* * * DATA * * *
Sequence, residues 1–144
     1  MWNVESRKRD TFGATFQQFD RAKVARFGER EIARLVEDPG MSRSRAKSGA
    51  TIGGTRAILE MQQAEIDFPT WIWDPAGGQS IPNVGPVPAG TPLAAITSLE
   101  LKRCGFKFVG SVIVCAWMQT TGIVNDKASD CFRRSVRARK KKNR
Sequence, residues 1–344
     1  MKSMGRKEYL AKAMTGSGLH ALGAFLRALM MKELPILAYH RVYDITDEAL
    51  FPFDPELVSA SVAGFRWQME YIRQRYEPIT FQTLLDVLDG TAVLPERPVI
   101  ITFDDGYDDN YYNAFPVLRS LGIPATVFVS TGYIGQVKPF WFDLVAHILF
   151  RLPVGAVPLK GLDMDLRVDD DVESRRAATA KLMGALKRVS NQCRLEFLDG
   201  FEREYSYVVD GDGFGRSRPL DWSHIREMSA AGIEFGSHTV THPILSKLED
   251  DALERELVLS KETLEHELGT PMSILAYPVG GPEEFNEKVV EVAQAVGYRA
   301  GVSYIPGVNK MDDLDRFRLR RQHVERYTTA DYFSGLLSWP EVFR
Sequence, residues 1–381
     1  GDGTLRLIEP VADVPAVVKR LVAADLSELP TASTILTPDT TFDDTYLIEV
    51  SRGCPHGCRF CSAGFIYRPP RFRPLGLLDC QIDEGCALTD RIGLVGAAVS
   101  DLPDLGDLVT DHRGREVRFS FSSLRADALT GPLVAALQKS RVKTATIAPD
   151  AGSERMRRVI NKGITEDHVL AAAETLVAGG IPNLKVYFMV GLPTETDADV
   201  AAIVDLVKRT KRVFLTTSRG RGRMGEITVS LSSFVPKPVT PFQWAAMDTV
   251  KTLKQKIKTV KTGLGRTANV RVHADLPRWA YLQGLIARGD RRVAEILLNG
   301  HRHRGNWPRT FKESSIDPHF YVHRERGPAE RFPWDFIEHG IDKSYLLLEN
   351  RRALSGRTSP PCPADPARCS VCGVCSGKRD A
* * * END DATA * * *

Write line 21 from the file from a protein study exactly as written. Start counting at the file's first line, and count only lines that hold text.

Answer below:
   351  RRALSGRTSP PCPADPARCS VCGVCSGKRD A